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Congressional Testimony/November 6, 2001
Mark J. Rozell
Professor of Politics
The Catholic University of America

Thank you Mr. Chairman for the invitation to address the committee on the constitutional principle of executive privilege. Although nowhere mentioned in the Constitution, executive privilege has a long history in presidential politics. Presidents since George Washington have claimed the right to withhold information from either Congress or the judicial branch. Despite this long history and the many precedents for its exercise, executive privilege remains a controversial power. That is understandable because the very notion that a president may withhold information from those who have compulsory powers strikes at the core of our democratic principles, especially accountability in government.

My comments today focus on the proper definition of executive privilege and the evolution of its exercise. Executive privilege is a legitimate presidential power when exercised under the appropriate circumstances. Like most other presidential powers, it is limited by the legitimate needs of the other branches. Executive privilege also is limited by the democratic principle of openness in government. Therefore, throughout U.S. history claims of executive privilege have been subject to various balancing tests. No claim of executive privilege should stand merely because a president or a high ranking administration official has uttered the words "national security" or "ongoing criminal investigation". A president's claim of executive privilege must be balanced against other needs and also must meet certain standards of acceptability.

Some scholars have argued that executive privilege is a "myth" (Berger, 1974). During the Watergate scandal former president Richard Nixon claimed that executive privilege was a power that belonged to the entire executive branch of the government and that it was not subject to any limits. Both of these views are unsupportable. The relevant debate today is over the proper scope and limits of executive privilege. Few any longer argue that executive privilege is a "myth". Fewer still cling to the belief that the privilege is an absolute presidential power not subject to the compulsory powers of the other branches. Presidents have legitimate needs of confidentiality. The other branches and the public have legitimate needs of access to executive branch information. The question is not whether executive privilege is a legitimate power, but rather how to balance competing needs when a president makes a privilege claim.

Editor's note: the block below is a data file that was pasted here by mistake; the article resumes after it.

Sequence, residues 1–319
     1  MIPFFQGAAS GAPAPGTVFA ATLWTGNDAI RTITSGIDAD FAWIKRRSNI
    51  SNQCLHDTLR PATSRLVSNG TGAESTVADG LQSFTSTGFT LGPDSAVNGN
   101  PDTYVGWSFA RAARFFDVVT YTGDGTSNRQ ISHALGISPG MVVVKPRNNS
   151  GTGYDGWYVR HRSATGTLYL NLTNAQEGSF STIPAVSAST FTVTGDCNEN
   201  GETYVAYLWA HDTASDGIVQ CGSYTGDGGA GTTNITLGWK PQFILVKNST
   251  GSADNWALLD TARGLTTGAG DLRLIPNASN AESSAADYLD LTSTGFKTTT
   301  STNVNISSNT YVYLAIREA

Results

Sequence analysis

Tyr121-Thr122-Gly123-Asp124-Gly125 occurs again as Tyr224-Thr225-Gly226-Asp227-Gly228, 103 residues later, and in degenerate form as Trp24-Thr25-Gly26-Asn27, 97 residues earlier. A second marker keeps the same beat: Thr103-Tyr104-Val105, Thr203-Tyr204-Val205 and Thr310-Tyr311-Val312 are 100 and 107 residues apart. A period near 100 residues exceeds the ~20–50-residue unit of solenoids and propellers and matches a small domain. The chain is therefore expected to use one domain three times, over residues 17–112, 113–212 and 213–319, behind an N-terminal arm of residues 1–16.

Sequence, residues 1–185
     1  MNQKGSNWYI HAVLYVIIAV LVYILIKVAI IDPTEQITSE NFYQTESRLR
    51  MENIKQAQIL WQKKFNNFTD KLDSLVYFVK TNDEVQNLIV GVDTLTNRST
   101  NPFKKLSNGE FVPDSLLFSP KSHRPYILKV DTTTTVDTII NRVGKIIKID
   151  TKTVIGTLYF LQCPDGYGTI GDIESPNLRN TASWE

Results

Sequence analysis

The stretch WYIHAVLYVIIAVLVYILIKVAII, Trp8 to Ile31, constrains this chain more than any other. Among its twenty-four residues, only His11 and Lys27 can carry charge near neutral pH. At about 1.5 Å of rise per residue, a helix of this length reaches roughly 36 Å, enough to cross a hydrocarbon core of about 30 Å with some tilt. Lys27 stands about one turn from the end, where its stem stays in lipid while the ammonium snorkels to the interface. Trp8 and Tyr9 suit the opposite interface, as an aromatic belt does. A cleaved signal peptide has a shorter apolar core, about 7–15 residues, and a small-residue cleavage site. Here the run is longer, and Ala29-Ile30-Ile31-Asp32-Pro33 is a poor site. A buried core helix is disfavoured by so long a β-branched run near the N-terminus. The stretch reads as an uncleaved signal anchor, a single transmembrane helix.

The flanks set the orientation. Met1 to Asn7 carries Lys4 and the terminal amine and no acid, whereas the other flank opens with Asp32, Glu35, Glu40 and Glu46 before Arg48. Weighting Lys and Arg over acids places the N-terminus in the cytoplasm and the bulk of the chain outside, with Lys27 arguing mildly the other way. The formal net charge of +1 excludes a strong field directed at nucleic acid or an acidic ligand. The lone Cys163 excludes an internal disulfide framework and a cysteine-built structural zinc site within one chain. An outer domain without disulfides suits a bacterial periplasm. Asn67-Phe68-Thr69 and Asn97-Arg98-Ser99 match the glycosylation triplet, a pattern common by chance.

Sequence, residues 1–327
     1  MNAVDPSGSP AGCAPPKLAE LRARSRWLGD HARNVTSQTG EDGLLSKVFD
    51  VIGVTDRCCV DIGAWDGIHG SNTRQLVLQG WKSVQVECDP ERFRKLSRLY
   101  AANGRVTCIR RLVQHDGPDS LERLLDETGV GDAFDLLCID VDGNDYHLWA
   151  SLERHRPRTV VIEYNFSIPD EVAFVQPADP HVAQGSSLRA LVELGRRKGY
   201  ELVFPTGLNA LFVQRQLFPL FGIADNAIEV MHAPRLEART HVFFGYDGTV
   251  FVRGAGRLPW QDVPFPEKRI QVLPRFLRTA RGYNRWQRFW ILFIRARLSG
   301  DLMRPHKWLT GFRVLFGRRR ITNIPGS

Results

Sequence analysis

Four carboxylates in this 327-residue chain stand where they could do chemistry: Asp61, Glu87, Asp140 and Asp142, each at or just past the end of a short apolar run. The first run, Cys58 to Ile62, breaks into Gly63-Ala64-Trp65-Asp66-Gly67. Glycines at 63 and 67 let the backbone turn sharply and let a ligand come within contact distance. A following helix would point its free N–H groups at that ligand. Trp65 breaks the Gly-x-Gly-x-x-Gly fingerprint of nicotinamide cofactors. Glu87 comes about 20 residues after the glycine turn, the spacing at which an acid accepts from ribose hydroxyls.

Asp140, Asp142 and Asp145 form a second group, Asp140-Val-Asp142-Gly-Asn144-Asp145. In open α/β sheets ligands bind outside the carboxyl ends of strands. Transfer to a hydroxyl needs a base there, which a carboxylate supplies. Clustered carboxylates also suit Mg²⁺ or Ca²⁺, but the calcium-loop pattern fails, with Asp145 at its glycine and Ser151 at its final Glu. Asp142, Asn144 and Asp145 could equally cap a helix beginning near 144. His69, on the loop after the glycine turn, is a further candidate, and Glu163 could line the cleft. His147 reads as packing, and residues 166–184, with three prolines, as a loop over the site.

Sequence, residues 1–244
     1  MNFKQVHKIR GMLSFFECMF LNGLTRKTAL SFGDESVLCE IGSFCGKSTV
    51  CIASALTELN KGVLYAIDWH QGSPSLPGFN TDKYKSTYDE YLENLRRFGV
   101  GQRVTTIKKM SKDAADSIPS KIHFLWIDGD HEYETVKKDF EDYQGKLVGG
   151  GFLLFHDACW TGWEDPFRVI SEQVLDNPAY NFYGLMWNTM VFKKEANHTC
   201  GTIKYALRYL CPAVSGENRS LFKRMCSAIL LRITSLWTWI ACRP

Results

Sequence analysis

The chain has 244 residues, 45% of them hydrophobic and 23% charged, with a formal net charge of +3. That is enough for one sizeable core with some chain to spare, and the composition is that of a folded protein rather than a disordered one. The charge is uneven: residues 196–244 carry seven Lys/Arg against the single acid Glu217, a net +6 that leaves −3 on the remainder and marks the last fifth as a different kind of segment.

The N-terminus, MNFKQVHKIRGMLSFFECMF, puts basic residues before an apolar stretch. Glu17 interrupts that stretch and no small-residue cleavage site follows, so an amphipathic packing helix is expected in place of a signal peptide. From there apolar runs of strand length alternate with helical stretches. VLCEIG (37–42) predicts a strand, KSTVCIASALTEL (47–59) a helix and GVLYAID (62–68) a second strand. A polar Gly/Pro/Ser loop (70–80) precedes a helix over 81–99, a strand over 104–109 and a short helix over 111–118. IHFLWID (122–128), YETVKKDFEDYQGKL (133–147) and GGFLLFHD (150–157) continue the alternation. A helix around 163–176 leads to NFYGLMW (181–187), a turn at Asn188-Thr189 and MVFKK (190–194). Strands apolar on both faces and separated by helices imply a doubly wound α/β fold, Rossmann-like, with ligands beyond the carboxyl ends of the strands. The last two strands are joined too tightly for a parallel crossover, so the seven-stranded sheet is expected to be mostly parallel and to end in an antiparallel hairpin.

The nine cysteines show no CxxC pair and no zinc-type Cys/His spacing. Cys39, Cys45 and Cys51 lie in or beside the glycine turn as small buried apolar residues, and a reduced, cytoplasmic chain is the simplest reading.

The Definition and Application of Executive Privilege

Critics of executive privilege are quick to point out that the phrase "executive privilege" does not appear in the Constitution. To be precise, that phrase was not a part of the common language until the Eisenhower administration, leading some to suggest that executive privilege therefore cannot be constitutional (Berger, 1974; Prakash, 1999). This argument ultimately fails because every president since Washington has exercised some form of what we today call executive privilege, regardless of the words used to describe their actions. As Louis Fisher has pointed out, "one could play similar word games with 'impoundment', also of recent vintage, but only by ignoring the fact that, under different names, Presidents have from an early date declined to spend funds appropriated by Congress" (Fisher, 1978: 181).

Executive privilege is an implied power derived from Article II. It is most easily defined as the right of the president and high-level executive branch officers to withhold information from those who have compulsory power - Congress and the courts (and, therefore, ultimately the public). This right is not absolute. The modern understanding of executive privilege has evolved over a long period, the result of presidential actions, official administration policies, and court decisions.

As he did in so many areas, President Washington had a profound influence on the development of executive privilege because of the precedents he established. In the first controversy over executive withholding of information from Congress, the president decided that he indeed possessed such a power, but only if his actions were in the service of the public interest. Washington determined that he could not withhold information merely for the purpose of concealing politically damaging or embarrassing information.